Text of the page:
When I approached Ogre about hosting the ICP, I had in mind a post he sent me at the Tar Heel Tavern when that was the only blog carnival that I knew. I knew his political views were quite different than mine, and I was very surprised by the beauty of his submission. He sent in a photograph taken of the Earth from space (no longer available or I would link back to it). It reminded me that despite all of our differences, we are living on this big blue marble together and that we are more dependent on one another than we care to imagine. If one idiot decides to fly a plane into a building, we all suffer. If another idiot decides to use nuclear weapons, we may all perish. If we continue without changing our approaches to the environment, your children and grandchildren will be living in a potentially lethal and frightening world where people fight for water and famine is the norm. I don't want to think that I spent my last years on Earth making it worse for those to come.
So, how do we change our world so that the schism grows smaller and we identify the items that are critically important for our survival as a species? I am not sure that I have an answer to this question, except from my own experience. If I look closely at myself, I find that I am less contained within my own boxes and labels than I like to think I am. While I can argue that I am progressive to desire and work for social and cultural equality for all, I am also fiscally conservative depending upon the issue that is at hand: for example, building a bridge to nowhere when that money could save the lives of people living with HIV/AIDS, cancer or heart disease is just plain stupid. Save that money to help us all by researching cleaner fuels or air scrubbers so that your children and grandchildren will have a chance at survival in the future.
There is no stasis in my stance. My views are dynamic and can not be easily categorized. For example, I supported the war in Afghanistan because of the Taliban’s treatment of women, for their destruction of ancient holy Buddhist icons without regard to the sensibilities of Buddhists and for their apparent support of Bin Laden and his terror cells. I strongly opposed the war in Iraq because of the concept of pre-emptive war against a country for which we had no proof of ties to the exporting of terror. Either way, now that we are bogging down in a two theater war with rumblings of expansion of that war into Iran, I support the troops who are serving in those wars. I support the families who have sent their kids, moms and dads, many of whom are gay and lesbian and have proved their mettle on the battlefield, to fight for our country no matter why. However, I strongly urge our leaders to exhaust every possible act of diplomacy before resorting to violence again.
I can imagine that many of the ICP's readers are wondering what this has to do with HIV/AIDS. I can also imagine many readers who are living outside the US wonder what my thoughts have to do with HIV/AIDS around the world. I see it like this: as much as we might want to think we owe nothing to anyone else in the world but to ourselves, we are at a cross-roads where our actions can dramatically worsen the world or they can begin the climb back to teamwork and tackling the issues that face those often seen as "the least" of us. In fact, we, as humans, are the sum of all of us and more. We must address the issues of global warming, genocide, famine, access to clean water, and communicable disease. If AIDS had been affecting all of us in society for the past 25 years as it has affected those of us infected, we would make it much more of a priority than we have so far. Imagine what a pandemic of fatal influenza, like the much feared bird flu, could do to you and your loved ones. Would anyone watching millions die sit back and claim it not to be their problem?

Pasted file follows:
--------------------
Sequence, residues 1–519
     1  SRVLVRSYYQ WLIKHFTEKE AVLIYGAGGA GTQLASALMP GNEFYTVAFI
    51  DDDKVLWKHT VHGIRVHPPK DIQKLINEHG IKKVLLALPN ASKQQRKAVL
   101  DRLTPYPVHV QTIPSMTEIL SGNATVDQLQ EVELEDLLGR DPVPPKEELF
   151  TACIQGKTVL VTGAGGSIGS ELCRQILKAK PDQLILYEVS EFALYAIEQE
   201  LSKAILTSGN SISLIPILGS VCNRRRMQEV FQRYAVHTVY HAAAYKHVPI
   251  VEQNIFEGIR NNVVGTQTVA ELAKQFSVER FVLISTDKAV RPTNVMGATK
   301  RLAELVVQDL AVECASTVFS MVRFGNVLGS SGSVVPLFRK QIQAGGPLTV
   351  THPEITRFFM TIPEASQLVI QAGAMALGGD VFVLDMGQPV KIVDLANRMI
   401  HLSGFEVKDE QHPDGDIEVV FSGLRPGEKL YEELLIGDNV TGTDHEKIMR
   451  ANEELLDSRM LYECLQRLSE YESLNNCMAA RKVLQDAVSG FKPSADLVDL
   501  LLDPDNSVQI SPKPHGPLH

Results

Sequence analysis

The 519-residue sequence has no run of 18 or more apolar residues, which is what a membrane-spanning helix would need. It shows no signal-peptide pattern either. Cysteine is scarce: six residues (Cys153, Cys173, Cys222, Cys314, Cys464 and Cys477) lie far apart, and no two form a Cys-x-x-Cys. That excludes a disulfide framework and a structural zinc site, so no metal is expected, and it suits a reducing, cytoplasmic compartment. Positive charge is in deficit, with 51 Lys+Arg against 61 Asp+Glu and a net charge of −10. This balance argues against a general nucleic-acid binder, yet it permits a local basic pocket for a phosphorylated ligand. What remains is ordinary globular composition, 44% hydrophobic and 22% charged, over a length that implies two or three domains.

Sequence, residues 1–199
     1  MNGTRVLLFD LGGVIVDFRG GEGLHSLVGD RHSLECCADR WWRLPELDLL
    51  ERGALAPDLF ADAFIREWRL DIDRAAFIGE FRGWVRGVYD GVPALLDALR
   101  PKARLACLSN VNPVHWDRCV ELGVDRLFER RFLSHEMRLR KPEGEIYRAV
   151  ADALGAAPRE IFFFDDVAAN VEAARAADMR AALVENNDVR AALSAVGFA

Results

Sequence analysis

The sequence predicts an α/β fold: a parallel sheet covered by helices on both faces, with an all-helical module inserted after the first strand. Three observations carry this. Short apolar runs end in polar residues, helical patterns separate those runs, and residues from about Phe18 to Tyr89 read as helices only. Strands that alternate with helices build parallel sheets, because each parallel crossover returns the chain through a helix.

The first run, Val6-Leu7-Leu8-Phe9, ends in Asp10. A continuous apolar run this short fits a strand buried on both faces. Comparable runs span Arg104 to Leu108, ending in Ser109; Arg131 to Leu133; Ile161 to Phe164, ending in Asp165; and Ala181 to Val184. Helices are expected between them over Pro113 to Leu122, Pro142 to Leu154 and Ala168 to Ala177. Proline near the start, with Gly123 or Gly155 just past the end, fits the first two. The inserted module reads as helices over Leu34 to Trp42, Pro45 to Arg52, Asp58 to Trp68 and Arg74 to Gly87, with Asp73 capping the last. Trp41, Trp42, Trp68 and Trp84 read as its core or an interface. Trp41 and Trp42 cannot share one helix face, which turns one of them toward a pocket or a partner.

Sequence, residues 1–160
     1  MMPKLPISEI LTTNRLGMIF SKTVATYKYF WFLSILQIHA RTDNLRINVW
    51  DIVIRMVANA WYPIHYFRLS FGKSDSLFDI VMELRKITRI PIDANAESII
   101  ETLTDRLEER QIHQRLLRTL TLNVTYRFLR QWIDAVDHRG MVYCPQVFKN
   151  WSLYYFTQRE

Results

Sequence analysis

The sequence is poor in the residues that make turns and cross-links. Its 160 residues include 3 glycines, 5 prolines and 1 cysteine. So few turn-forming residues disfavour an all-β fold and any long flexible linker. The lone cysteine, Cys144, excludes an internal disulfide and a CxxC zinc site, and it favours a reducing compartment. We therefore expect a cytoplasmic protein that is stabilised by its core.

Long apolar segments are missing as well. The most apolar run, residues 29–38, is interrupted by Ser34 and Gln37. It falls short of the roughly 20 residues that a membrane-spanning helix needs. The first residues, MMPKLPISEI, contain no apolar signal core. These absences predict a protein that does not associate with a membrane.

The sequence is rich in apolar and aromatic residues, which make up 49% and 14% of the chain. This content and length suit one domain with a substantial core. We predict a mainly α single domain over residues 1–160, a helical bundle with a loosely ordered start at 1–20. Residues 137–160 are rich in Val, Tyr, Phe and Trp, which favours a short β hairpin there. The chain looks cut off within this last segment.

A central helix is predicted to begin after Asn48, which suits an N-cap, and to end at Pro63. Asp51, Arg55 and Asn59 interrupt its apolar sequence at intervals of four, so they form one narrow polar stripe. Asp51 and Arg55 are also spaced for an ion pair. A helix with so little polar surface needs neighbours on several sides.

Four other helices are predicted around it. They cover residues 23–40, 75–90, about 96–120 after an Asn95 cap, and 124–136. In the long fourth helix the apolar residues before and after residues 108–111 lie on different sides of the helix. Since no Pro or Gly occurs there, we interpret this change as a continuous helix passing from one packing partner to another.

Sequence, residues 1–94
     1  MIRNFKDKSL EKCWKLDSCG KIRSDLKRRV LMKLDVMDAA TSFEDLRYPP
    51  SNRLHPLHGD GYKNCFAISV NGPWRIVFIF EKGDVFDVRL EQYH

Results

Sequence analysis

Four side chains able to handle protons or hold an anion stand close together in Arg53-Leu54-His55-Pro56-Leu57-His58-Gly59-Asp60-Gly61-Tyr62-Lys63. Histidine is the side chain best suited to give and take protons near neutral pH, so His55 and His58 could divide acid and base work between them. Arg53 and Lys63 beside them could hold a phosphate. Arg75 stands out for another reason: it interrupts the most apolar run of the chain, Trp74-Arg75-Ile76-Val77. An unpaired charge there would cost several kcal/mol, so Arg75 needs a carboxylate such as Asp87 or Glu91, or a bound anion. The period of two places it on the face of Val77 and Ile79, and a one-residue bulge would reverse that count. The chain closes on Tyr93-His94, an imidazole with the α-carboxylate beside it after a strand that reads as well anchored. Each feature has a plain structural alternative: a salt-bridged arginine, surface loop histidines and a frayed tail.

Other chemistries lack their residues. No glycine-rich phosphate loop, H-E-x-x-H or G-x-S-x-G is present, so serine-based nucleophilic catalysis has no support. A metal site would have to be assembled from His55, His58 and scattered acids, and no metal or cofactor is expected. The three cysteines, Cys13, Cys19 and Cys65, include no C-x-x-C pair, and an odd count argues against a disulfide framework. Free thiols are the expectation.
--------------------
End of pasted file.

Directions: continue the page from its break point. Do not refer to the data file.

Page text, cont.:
So, as a preface to the ICP October edition, I present this piece of rambling rumination on HIV/AIDS, politics and where I fit in this world. I know that I am on the surface of earth as is everyone who is reading these words. I know that we all have much more in common than how we differ. I know that most of us are moved to compassion for one another by connecting in a human way with one another. I know that HIV/AIDS was first identified in the gay community of the US, but that it is not a gay disease at all. It is a human disease. I know that it is not a punishment but a pernicious possibility.
I hope that you will read the collection of articles that has been put together by those who represent the current world of HIV/AIDS. We are as diverse as the tapestry that makes up humanity. Perhaps some of us got here by making an error in judgment at a specific point in time. Perhaps we are here from no fault of our own. Either way, can we have compassion and care for our fellow humans long enough to stop an illness that currently infects over 40 million people worldwide? Twenty-six years into this pandemic, the consequences of our actions will determine whether we will see exponential growth of AIDS rates around the world or a slow and steady decrease in new infections. Perhaps the most important question of all is this: Would you have this happen to your child or grandchild? I hope you would do all in your ability to prevent it from happening. Please help us fight for a cure so that we can focus on other, happier endeavors.
Finally, many thanks to Ogre for his time and effort and willingness to open up his blog to this forum. I hope that you will read and comment on what you find interesting.
Categories: HIV AIDS politics blog carnival blog+carnival International+Carnival+of+Pozitivities ICP HIV/AIDS